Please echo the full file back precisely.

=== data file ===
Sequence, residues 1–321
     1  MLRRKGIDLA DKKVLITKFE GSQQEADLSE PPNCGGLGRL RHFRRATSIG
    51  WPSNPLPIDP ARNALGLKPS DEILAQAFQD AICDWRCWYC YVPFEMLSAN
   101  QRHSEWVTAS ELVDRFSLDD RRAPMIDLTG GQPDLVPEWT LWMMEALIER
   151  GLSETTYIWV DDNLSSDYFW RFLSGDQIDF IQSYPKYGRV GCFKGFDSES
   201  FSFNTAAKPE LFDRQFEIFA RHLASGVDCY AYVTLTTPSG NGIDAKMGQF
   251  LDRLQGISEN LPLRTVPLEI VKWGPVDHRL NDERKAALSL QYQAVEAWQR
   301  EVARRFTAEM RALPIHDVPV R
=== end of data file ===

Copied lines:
Sequence, residues 1–321
     1  MLRRKGIDLA DKKVLITKFE GSQQEADLSE PPNCGGLGRL RHFRRATSIG
    51  WPSNPLPIDP ARNALGLKPS DEILAQAFQD AICDWRCWYC YVPFEMLSAN
   101  QRHSEWVTAS ELVDRFSLDD RRAPMIDLTG GQPDLVPEWT LWMMEALIER
   151  GLSETTYIWV DDNLSSDYFW RFLSGDQIDF IQSYPKYGRV GCFKGFDSES
   201  FSFNTAAKPE LFDRQFEIFA RHLASGVDCY AYVTLTTPSG NGIDAKMGQF
   251  LDRLQGISEN LPLRTVPLEI VKWGPVDHRL NDERKAALSL QYQAVEAWQR
   301  EVARRFTAEM RALPIHDVPV R